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Published: 19 Jul 2016
Consuming resources only when you need them seems like the most obvious way to increase efficiency. While you can shut down a server to save pennies on power and cooling when it's not in use, you can't recoup any of the capital costs. And most OS or software licensing models don't care how often you use the application. So, when you're able to pay for the bundled resource, delivered as a service, only when you need it, of course you save money -- except when you don't.
Many applications just aren't suited to run in a public cloud, for either technological or financial reasons, said David Linthicum, senior VP at Cloud Technology Partners based in Boston. To avoid paying more than they need to, organizations should carefully consider their application costs in an on-premises vs. cloud environment.
"It could be as many as 50% of applications in a traditional enterprise, and the average is about 30 to 40%," Linthicum said. "You have to do the triage and understand the application portfolio -- otherwise you will end up making dumb decisions and moving workloads to the cloud that will end up costing you more money."
Applications that are tightly coupled to a database, or that would require a large amount of redevelopment work to run efficiently in a cloud provider, are workloads that are best left running on-premises, Linthicum said.
"Some applications were just built less efficient and are going to use more resources than they should in a cloud provider," he said. "So, very much like a 30-year-old refrigerator, it's going to take more power than a new model."
Ultimately, much of the on-premises vs. cloud cost comparison comes down to whether the application is designed to run in the cloud, or how much work it will take to redesign it, said Erik Peterson, director of technology strategy at Veracode, an application security company that runs on Amazon Web Services (AWS) based in Burlington, Mass.
"Most people think they're going to start by lifting and shifting an existing application into AWS," Peterson said. "But they often don't realize the mental shift that's required with the move to cloud."
For decades, companies have spent a lot of money to ensure their critical workloads remained functioning in the event of a failure, investing in redundant systems sized to meet peak demand. In many ways, public clouds turn this dynamic on its head, offering an elastic platform with the expectation of failure. Unsurprisingly, workloads designed for one infrastructure paradigm often don't easily translate to the other. For example, when deploying on-premises workloads, administrators commonly allocate enough resources to accommodate expected demand spikes. But if you apply this same principle to public cloud workloads, you end up paying -- often per hour -- for much more than you need.
Organizations should first evaluate their reasons -- aside from cost -- for moving an existing application to the cloud. Then, if there are compelling business reasons to proceed, businesses should approach a cost comparison skeptically, said Mindy Cancila, research director for cloud computing at Gartner.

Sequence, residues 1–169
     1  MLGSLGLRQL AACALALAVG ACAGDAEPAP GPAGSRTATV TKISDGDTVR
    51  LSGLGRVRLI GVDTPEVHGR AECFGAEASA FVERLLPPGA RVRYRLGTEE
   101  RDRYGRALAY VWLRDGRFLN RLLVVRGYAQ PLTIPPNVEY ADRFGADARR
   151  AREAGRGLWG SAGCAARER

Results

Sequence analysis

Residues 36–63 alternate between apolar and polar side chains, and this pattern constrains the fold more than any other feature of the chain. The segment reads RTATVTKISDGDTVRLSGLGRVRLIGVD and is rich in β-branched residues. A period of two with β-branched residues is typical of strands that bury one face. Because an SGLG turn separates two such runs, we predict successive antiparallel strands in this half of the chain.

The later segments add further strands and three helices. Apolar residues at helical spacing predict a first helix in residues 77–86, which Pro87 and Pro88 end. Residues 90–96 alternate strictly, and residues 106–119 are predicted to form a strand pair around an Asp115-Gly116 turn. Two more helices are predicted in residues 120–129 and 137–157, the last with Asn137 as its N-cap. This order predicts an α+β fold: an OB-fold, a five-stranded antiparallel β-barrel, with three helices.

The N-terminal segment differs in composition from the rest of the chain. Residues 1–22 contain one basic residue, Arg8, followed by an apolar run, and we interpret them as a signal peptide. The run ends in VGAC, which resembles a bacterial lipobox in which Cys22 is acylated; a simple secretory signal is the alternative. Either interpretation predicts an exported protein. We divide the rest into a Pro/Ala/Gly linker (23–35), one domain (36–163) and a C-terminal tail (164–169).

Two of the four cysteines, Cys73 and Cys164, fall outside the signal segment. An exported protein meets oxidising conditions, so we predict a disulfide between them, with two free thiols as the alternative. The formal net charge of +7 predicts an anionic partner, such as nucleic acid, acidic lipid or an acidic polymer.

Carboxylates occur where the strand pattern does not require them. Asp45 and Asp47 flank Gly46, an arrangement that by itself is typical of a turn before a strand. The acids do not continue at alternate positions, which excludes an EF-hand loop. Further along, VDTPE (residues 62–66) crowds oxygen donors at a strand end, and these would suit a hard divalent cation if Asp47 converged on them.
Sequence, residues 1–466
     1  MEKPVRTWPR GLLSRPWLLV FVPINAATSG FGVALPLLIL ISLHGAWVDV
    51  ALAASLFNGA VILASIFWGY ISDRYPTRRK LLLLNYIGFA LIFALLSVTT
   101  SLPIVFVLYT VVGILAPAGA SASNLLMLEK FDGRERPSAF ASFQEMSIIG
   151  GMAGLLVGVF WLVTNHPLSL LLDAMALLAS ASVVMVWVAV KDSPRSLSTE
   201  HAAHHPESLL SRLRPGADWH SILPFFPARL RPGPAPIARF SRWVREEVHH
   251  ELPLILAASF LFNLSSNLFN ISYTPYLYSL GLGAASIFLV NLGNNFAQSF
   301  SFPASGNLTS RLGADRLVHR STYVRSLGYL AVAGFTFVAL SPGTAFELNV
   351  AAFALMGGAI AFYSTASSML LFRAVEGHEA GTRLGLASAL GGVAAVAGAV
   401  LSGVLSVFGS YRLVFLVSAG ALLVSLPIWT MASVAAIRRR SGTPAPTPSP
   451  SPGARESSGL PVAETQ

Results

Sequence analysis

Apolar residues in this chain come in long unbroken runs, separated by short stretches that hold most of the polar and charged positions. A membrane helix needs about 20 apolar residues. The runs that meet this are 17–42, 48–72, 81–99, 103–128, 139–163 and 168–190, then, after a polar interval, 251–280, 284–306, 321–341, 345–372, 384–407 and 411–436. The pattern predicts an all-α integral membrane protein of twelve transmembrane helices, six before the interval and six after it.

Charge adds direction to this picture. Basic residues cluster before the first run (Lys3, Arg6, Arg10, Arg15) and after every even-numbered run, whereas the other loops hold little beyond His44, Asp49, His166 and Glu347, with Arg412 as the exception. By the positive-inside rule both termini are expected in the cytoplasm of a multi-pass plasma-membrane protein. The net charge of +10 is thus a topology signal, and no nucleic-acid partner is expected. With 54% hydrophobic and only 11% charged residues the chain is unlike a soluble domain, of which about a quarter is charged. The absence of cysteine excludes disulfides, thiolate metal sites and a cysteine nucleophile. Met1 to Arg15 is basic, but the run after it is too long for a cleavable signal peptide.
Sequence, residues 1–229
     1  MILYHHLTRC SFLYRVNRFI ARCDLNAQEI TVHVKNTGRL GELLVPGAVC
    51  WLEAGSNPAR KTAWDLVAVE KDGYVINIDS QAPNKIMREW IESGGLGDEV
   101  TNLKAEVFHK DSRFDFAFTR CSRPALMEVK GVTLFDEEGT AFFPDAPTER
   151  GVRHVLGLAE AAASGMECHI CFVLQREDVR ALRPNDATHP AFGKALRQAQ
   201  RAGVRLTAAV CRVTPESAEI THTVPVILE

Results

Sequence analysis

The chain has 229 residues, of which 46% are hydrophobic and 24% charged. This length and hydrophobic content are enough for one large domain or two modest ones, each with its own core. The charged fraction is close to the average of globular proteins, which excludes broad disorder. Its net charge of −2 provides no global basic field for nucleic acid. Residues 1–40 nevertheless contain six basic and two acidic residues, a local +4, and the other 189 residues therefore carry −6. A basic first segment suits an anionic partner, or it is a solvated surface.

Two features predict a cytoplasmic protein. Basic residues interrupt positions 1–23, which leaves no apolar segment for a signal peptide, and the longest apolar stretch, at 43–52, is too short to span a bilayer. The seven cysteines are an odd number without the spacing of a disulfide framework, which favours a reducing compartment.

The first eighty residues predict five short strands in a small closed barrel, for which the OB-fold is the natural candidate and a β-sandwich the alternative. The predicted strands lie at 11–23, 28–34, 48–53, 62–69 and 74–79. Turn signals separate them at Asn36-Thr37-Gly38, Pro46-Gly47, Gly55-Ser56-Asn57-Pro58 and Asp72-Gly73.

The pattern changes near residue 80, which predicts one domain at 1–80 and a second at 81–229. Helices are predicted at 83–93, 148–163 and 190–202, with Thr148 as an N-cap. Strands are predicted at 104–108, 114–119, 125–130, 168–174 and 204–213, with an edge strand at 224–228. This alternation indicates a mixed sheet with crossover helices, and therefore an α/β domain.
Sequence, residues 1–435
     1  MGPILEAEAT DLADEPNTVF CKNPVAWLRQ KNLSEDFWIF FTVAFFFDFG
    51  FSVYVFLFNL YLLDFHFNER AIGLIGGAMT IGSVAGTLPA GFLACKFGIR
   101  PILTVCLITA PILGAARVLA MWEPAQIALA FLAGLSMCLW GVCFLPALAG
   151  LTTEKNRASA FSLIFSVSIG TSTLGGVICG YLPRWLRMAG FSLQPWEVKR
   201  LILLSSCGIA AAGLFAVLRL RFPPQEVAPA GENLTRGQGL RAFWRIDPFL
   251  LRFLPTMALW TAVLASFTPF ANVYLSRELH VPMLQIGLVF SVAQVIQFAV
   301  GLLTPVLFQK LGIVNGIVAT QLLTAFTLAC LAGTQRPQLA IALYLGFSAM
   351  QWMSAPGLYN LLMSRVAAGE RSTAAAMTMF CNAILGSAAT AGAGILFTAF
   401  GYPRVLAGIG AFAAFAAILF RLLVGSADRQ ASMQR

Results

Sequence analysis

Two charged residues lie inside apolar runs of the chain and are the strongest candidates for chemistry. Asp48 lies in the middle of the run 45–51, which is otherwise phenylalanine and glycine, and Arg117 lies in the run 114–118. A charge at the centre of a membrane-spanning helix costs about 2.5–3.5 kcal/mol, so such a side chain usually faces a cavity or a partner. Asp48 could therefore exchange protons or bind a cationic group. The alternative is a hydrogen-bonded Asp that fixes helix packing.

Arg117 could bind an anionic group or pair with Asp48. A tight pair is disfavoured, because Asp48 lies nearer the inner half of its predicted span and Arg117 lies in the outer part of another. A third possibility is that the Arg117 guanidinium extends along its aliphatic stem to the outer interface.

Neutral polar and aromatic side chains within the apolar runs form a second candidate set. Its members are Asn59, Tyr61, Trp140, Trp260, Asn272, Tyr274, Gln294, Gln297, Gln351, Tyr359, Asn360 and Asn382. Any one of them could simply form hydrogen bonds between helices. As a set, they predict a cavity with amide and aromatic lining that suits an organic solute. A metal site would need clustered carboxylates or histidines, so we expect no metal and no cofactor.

"Typically, when I talk with clients who want to build a model for comparing costs, the first thing we recommend is they look for other benefits that are driving cloud adoption first," Cancila said. "The reason being that cost models are layered with inaccuracies."
Overlooked costs, such as facilities and power delivery, can skew comparisons if they aren't accounted for. Gartner has built a cost comparison model for clients to understand the economics of on-premises vs. cloud environments. But an accurate comparison from any model requires that organizations crunch the numbers and look closely at everything that goes into delivering a workload to end users.
Gartner recommends an enterprise moves to a per-virtual machine (VM) cost component for compute, because it is the most logical comparison for on-premises and the public cloud. "But, again, most companies don't have that level of clarity or transparency," Cancila said. "Most are not tying spending to VMs or even to different teams."
A new age for new apps
Comparing on-premises vs. cloud costs for many workloads is difficult, but it's worth the effort, Cancila said. Cloud providers have levels of infrastructure efficiency that are out of reach for most organizations, and they're benefiting from next-generation hardware that is unavailable to enterprise IT shops. Even if shifting an existing application to the cloud may not always offer a clear financial advantage, businesses looking to build or deploy a new application should consider a cloud deployment first -- either hosted at an infrastructure as a service provider or as a software as a service option.
"Over time, we just don't think you can compete in the type of model where you're comparing public cloud costs with on-premises, and that's true for most all workloads," Cancila said.